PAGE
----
Real-World Education for Modern Marketers

Join Over 600,000 Marketing Professionals

Start here!
Text:  A A

The Dangers of Synergy for Synergy's Sake

by Allen Weiss  |  
January 21, 2001

So you've devised a plan for a more synergistic organization. But have you properly weighed the risks?

Synergy is one of the more elegant concepts in business, and every successful company strives to achieve it. But it's not idiot proof. Because synergy requires so much of our energy and focus, it can cause damage that can creep up on us. In this way, synergy can actually hurt the company more than it can help it.

But by recognizing the risks of synergy, managers can execute the strategy more wisely. Below we first explain synergy in more detail. Then, we discuss its risks. Finally, we go over some common managerial mistakes that often foil the company for synergy's sake.


When two separate entities join forces, they can produce benefits far greater than either one could have produced on its own. In other words, the whole can be greater than the sum of its parts. This is synergy.

We see this in business all the time. Two different business units in the same company, for instance, may align their strategies to reduce cannibalization of each other's products. Or two divisions may want to combine manufacturing facilities to reduce machine downtime, cut overhead, and increasing economies of scale. Departments may even want to share their knowledge to improve processes and avoid future mistakes.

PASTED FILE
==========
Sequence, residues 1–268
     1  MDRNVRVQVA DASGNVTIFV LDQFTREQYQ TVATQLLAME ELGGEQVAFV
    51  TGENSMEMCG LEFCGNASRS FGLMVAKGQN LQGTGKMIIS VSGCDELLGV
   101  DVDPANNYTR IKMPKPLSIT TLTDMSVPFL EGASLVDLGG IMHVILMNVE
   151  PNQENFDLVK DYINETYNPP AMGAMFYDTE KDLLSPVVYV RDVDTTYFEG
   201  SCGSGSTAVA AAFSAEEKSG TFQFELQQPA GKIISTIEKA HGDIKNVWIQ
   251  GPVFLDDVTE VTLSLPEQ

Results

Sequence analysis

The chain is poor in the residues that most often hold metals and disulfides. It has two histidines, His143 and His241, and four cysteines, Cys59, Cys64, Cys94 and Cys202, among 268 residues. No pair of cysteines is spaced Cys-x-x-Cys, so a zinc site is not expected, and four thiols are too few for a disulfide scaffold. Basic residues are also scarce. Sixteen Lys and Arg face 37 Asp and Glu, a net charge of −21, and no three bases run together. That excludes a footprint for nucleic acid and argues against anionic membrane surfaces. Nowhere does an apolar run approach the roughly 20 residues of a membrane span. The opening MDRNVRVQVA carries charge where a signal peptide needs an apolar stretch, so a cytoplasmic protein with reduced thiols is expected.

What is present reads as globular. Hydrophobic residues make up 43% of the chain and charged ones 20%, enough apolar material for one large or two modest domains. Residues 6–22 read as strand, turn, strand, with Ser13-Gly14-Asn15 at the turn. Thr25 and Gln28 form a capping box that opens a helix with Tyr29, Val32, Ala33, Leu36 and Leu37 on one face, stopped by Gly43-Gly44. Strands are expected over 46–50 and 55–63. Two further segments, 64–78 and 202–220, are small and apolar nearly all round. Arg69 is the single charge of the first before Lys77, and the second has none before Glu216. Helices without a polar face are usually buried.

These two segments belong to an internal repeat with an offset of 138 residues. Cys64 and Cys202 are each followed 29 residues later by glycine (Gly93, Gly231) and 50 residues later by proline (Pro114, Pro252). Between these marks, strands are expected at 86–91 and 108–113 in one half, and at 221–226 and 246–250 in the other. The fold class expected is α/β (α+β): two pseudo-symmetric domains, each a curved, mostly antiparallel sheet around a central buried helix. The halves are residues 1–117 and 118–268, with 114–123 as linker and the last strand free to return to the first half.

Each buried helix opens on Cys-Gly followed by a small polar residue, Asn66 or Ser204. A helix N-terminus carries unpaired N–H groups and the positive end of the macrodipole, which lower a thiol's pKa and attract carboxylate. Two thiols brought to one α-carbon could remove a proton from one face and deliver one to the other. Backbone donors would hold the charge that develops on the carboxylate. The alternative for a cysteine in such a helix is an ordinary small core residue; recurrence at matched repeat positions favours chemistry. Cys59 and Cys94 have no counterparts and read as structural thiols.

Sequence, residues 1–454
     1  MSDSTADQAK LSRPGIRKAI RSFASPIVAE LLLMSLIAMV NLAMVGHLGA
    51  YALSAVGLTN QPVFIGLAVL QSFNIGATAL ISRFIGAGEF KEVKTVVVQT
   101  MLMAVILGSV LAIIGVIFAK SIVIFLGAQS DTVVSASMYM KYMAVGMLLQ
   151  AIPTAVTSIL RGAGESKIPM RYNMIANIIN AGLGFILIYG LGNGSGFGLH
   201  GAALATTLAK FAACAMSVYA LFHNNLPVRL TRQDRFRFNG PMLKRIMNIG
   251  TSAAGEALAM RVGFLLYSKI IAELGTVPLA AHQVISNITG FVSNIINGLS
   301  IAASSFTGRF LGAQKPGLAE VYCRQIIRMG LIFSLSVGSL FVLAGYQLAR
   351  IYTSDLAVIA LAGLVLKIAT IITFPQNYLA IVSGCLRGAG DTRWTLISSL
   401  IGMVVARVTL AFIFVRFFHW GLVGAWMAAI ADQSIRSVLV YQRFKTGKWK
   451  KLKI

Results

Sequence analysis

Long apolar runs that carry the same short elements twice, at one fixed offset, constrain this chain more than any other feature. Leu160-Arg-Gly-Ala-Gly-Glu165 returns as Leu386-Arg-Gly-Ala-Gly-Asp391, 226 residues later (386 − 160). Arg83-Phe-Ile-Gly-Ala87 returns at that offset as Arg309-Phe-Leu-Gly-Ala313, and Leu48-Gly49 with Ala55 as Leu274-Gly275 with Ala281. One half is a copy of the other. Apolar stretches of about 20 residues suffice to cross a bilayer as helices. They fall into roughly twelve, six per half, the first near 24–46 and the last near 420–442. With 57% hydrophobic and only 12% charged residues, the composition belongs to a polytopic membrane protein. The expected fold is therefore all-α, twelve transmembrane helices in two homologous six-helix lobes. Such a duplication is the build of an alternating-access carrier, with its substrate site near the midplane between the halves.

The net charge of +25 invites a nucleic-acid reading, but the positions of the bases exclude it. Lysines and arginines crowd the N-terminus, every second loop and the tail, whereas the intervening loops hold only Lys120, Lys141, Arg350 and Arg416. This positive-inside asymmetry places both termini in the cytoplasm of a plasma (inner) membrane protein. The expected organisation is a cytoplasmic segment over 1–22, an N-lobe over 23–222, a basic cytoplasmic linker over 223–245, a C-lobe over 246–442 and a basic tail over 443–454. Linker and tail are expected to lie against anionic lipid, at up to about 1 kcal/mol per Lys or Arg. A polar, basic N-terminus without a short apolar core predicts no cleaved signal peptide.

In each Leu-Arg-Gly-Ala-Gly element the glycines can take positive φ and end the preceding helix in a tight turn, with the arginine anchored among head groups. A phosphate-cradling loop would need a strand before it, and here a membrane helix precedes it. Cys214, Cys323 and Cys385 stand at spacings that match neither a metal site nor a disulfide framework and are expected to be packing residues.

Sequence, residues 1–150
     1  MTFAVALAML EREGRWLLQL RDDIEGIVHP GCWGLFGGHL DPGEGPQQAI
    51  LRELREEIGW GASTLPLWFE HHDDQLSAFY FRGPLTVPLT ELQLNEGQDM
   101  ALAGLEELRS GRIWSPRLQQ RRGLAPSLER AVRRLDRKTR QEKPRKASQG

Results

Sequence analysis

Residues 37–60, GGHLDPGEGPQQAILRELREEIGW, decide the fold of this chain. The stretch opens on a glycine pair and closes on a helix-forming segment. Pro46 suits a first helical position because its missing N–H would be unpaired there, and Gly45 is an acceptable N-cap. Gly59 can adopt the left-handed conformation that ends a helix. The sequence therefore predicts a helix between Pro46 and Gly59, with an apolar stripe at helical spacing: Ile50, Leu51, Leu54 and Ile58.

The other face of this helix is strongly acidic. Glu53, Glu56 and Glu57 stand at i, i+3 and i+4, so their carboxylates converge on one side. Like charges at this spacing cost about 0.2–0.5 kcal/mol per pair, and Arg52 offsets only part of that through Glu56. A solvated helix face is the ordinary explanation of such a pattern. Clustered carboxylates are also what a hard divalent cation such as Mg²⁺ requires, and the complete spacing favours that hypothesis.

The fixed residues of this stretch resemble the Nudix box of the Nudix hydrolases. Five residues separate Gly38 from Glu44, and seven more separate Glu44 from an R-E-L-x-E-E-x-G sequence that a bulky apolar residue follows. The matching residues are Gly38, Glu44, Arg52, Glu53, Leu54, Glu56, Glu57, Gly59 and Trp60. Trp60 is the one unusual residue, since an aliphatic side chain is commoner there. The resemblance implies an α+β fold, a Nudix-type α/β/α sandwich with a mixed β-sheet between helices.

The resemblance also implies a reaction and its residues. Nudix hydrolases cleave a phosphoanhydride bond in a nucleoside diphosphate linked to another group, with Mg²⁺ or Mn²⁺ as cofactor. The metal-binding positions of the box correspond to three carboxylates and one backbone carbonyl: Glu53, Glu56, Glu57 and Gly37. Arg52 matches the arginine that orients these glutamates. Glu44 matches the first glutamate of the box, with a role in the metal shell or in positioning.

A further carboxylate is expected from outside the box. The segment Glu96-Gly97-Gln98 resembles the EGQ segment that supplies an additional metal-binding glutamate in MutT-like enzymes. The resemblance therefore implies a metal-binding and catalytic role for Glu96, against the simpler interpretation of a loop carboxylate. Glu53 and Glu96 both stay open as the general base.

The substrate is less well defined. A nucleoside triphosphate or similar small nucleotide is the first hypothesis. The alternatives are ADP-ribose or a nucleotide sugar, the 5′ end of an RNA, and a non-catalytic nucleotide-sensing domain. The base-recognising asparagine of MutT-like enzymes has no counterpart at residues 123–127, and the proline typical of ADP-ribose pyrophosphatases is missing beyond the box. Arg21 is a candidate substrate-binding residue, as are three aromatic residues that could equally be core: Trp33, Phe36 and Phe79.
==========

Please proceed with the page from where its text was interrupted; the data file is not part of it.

In each of these cases, the success created by joining forces is far greater than the success any of the business entities could have reached on its own.


Read the Full Article

PRO Membership is required to access this how-to marketing article. Sign up to read the full article and gain access to all of our PRO content!

Sign up for a 2-Day Free Trial  Learn more about PRO Membership

Allen Weiss founded MarketingProfs in 2000 and continues to provide strategic direction for the company as CEO. He's currently a professor of marketing at the University of Southern California and teaches mindfulness in companies at InsightLA.

Rate this  

Overall rating

  • Not rated yet.

Add a Comment

MarketingProfs uses single
sign-on with Facebook, Twitter, Google and others to make subscribing and signing in easier for you. That's it, and nothing more! Rest assured that MarketingProfs: Your data is secure with MarketingProfs SocialSafe!